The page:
An Anti-Semitic Coalition

Where does this double standard regarding anti-Semitism come from? The answer to this painful question can be found in Greenblatt’s recent article: “Anti-Semitism Is Creeping Into Progressivism,“ published after three Jewish lesbians were disgracefully expelled from a progressive queer parade for carrying pride flags with a star of David.

In his attempt to handle the phenomena, Greenblatt outlines his worldview. He starts by mentioning a few similar anti-Semitic manifestations: one at the “Celebrate Israel Parade in New York City,” another in the platform of Black Lives Matter, which accuses Israel of genocide, and again, Sarsour’s quote that “Zionism is incompatible with feminism.”

Greenblatt is worried, he explains, because of the ADL’s fundamental commitment to the “the agenda of the civil rights community.” The ADL, he articulates, shares “common causes” with those organizations. For example, the ADL wants to stop “the use of excessive force and the killing of unarmed African Americans by some in law enforcement,” “to combat discriminatory laws such as the Muslim Ban,” “to champion marriage equality”, and “to resist efforts to turn back the clock under the guise of religious freedom.”

And so, the ADL and Greenblatt want to partner with those radical organizations. But what does one do, as an organization sworn to fight anti-Semitism, when one’s partners turn out to be anti-Semitic? Well, here’s Greenblatt’s solution:

We are duty bound to raise our voice … even as we fight alongside other groups on issues of mutual concern … we will forcefully denounce those who would slander our community and resort to stereotypes.

This is utterly ridiculous. This notion of “we support and collaborate with anti-Semites when they do not specifically engage in anti-Semitic activities, and we reserve the right to denounce their anti-Semitism when they do,” is not only completely detrimental to the cause of battling anti-Semitism, it is in fact helping anti-Semites to white-wash their hatred.

Here is a thought experiment. Would the ADL accept a Jewish Republican organization openly partnering with a “white supremacy” organization – while “denouncing” their anti-Semitism – because they share a commitment to reduction in renewable energy funding?

Radicalizing Worldviews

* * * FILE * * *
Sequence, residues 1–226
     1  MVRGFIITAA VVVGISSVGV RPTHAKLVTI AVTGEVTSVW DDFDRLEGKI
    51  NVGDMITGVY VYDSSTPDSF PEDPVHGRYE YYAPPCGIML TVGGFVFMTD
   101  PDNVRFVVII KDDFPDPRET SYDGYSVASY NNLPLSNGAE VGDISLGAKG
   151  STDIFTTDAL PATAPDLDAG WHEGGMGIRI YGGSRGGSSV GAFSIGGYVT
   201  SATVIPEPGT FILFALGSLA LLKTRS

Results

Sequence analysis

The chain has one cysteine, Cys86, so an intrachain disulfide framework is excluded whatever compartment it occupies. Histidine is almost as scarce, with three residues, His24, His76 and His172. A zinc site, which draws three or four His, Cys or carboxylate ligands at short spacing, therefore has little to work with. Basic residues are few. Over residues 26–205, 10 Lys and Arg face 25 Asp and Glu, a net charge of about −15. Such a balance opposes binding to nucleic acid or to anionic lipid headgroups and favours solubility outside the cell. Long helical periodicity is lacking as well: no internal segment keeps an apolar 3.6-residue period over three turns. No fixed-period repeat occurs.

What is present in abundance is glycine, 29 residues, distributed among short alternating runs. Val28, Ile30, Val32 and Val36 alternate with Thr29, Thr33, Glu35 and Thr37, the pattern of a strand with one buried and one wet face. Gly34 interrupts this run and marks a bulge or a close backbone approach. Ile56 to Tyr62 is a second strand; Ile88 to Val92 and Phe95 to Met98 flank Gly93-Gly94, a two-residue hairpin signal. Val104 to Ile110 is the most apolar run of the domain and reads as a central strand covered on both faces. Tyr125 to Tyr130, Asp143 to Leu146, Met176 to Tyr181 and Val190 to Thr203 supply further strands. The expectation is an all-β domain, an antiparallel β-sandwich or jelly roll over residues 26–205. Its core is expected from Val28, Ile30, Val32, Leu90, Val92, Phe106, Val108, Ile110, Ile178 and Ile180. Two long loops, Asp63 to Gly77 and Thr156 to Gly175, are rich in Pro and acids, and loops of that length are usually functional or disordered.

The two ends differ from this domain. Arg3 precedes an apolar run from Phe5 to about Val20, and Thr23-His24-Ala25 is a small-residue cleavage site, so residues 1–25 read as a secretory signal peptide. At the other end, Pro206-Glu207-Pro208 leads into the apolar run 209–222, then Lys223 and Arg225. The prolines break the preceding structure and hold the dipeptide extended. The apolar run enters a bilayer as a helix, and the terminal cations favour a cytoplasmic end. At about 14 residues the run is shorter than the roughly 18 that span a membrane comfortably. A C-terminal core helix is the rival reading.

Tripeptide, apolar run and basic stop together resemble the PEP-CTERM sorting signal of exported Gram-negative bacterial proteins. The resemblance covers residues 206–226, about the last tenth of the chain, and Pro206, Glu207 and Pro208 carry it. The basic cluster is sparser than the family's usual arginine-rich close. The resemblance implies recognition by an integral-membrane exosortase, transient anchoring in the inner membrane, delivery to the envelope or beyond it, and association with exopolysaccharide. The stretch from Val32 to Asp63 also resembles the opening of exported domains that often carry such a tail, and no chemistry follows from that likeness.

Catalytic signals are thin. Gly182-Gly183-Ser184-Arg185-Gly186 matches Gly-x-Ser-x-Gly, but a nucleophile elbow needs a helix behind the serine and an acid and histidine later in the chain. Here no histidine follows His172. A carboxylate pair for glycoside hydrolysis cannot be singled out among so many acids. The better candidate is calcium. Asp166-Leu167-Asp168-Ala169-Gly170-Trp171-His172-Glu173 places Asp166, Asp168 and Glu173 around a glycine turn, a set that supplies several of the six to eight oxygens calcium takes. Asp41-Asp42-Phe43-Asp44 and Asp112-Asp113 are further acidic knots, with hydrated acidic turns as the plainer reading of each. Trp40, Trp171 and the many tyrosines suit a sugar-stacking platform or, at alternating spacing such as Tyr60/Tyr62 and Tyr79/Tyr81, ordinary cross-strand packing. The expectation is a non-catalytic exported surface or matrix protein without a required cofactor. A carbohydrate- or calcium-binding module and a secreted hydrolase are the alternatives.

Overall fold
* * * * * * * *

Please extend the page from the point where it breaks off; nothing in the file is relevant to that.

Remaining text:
In truth, one has to admit that the problem is more fundamental than political or organizational connections between the ADL and the radical left. The crux of the issue lies in the ideological radicalization of the left, a process Greenblatt epitomizes. This is expressed by the promotion of progressive doctrines such as “intersectionality” by Greenblatt and the ADL itself, apparently without realizing that lurking under those terms are hateful, divisive and oppressive agendas, which are entirely detrimental to the original cause of the ADL.

For example, Greenblatt declared that “there’s no doubt that the vast majority of American Jews live with what we would call white privilege.” And yet the ‘privileged’ discourse is the perfect disguise for left-wing anti-Semitism. If being privileged is a sin; and if the more privileged you are, the greater the sin; then the Jews and Israel are clearly culpable, and hatred towards them is not only justified, it is almost morally dutiful.

Greenblatt may not realize it, but he is riding an anti-Semitic tiger. Herbert London recently wrote that in the 1950’s “a good progressive was a good Zionist,” but now the left “is the congenial home of anti-Zionism and anti-Semitism.” As the left keeps progressing into oppressive and illiberal domains, the ADL follows suit and is currently less worried about antisemitism per se. By tolerating and partnering with anti-Semitic progressive organizations, the ADL is betraying its raison d’être.

 

Dr. Ran Baratz served as Director of Communications for Israeli Prime Minister Netanyahu between 2016-2017. This artcile published with the permission of MIDA.